Sumerian Limestone Head of a Female Worshipper

Near Eastern · ca. 2600-2350 B.C




H: 7.2 cm (2.8 in)





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The head, characterized by expressive carving, belonged to a statuette of a female worship-per, most probably standing frontally, with her hands clasped in front of her chest, wearing a long garment. The long and wavy hair frame the face; it is held in place by wide bands; the curly locks hanging down on either side form the scalloped pattern. The face has a prominent aquiline nose; the corners of full lips are turned up as if expressing a smile. The wide-open deep-set eyes have almond shape, they were once inlayed (light color shell and lapis lazuli, or black limestone, for the iris) as well as the deep arching grove indicating the uninterrupted line of the brows could be also inlayed (black bitumen). Similar figures of male and female worshippers, standing or seated, were found inside the Mesopotamian temples as dedica-tory statues and statuettes, sometimes carry-ing inscriptions indicating the name of a god and the name of the person.


Reassembled from two parts; tip of nose and tips of hairlocks on the sides are broken off; surface weathered; a few chips.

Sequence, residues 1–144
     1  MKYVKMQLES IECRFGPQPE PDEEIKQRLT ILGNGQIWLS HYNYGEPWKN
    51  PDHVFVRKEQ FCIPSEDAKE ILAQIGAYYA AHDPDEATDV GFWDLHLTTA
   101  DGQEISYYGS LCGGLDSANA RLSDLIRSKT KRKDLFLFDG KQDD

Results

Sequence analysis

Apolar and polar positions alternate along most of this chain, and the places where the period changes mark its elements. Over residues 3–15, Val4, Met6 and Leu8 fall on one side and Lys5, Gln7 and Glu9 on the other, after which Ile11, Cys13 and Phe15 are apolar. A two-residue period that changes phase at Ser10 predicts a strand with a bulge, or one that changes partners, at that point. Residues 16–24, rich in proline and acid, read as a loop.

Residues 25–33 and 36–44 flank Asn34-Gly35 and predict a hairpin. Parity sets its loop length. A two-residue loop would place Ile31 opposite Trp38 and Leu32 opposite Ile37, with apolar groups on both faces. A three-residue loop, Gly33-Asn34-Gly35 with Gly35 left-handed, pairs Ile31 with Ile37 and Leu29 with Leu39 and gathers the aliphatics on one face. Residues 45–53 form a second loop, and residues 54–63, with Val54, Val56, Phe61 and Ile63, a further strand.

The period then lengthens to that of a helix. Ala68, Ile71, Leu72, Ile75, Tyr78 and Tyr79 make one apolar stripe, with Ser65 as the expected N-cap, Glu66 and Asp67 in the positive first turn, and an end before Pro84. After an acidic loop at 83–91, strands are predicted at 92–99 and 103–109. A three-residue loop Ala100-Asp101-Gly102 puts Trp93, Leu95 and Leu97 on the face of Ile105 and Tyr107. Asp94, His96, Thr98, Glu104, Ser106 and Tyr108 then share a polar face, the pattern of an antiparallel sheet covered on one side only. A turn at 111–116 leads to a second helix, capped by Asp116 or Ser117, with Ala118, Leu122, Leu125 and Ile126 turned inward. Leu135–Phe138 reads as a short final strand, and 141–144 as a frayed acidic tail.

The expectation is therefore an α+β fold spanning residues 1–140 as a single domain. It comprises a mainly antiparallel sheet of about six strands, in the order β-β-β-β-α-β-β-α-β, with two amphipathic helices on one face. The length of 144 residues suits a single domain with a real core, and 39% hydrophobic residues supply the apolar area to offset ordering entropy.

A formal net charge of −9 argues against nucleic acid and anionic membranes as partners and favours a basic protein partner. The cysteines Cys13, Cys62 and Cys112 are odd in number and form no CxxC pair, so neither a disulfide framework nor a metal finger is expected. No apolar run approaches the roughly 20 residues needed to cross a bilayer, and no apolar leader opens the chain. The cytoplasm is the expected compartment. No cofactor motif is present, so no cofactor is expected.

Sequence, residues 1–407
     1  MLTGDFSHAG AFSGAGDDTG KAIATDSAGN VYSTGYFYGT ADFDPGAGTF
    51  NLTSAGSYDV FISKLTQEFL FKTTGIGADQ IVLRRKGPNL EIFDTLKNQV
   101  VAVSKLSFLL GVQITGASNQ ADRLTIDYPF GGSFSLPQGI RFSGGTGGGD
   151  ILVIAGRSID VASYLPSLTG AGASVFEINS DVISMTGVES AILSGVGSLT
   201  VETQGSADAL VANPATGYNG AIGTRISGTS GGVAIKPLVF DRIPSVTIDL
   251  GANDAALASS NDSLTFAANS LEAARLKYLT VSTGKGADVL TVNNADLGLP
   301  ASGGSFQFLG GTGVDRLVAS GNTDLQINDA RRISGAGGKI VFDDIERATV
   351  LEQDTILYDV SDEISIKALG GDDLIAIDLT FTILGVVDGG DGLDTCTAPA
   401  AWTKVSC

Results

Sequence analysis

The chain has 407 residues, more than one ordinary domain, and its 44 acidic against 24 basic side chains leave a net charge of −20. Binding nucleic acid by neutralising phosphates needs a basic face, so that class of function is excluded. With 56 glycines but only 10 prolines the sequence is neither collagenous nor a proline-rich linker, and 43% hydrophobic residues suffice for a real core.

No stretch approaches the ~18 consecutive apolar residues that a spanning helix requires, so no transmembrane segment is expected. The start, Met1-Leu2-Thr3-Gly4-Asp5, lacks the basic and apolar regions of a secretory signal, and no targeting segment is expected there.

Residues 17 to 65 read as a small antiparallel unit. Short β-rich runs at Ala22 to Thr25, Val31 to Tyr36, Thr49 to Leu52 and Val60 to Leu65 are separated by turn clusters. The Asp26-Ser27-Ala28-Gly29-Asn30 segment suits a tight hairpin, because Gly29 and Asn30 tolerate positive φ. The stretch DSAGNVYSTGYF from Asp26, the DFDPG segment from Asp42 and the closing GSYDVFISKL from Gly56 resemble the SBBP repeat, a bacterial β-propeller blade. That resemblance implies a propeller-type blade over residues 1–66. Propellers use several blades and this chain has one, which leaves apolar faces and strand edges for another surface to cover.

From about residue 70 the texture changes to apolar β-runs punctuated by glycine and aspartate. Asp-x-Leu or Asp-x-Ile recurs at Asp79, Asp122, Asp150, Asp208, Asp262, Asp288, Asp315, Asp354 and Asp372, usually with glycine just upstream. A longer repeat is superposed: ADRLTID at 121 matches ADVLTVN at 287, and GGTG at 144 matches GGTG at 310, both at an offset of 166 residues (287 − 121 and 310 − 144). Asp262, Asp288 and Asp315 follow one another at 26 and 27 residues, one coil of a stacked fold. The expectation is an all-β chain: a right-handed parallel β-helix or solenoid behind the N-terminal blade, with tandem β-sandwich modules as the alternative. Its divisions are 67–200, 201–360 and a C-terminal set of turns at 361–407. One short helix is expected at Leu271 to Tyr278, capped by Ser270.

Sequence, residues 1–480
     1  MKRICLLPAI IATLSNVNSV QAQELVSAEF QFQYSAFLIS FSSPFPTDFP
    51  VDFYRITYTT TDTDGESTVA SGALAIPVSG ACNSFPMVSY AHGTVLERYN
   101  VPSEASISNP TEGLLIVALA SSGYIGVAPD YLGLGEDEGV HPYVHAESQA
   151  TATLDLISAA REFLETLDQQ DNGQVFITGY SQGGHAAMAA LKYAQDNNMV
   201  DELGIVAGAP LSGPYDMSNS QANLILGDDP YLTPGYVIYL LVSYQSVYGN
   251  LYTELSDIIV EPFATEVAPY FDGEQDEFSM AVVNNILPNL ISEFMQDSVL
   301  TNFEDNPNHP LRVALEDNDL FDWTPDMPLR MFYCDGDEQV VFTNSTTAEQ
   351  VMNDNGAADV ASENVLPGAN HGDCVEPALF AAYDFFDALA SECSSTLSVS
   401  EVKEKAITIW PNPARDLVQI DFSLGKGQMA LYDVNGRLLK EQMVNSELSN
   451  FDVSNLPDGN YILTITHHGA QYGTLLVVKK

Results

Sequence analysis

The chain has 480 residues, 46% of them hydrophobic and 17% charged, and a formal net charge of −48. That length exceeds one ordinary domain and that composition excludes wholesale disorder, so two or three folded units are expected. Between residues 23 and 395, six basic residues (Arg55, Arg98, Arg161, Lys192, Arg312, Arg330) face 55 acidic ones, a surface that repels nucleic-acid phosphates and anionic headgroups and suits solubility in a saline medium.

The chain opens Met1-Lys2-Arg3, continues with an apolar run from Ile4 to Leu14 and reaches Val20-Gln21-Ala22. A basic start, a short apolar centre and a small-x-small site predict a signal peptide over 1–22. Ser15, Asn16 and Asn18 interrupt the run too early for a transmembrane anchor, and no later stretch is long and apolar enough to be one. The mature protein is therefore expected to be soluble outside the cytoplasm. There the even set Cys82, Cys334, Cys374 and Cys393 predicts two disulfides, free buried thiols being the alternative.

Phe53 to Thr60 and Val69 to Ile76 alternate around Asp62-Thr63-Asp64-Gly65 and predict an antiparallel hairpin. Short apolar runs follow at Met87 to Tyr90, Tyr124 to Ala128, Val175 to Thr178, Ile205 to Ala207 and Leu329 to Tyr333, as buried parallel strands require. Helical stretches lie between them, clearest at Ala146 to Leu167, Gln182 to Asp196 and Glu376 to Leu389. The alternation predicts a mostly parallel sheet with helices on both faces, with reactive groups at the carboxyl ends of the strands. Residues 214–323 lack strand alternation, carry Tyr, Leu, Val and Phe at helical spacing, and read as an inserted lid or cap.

Formerly in the Estate of Mrs. Charlotte Goodwin, widow of Dr. Mason F. Lord, Baltimore, Maryland, acquired prior to 1956.


4000 Years of Modern Art, The Baltimore Museum of Art, Maryland, 1956, no. 2.


The Baltimore Museum of Art, Maryland, Nov. 7, 1956 – Jan. 13, 1957;
The Munson-Williams-Proctor Institute, Utica, New York;
The Carnegie Institute, Pittsburgh, Pennsylvania; The Albright Art Gallery, Buffalo, New York.


ARUZ J., ed., Art of the First Cities. The Third Millennium B.C. from the Mediterranean to the Indus. The Metropolitan Museum of Art, New York, New Haven, London, 2003, pp. 66-67, no. 28.
WEISS H., ed., Ebla to Damascus: art and archaeology of ancient Syria, Washington D.C., 1985, pp. 158-160, nos. 63-64.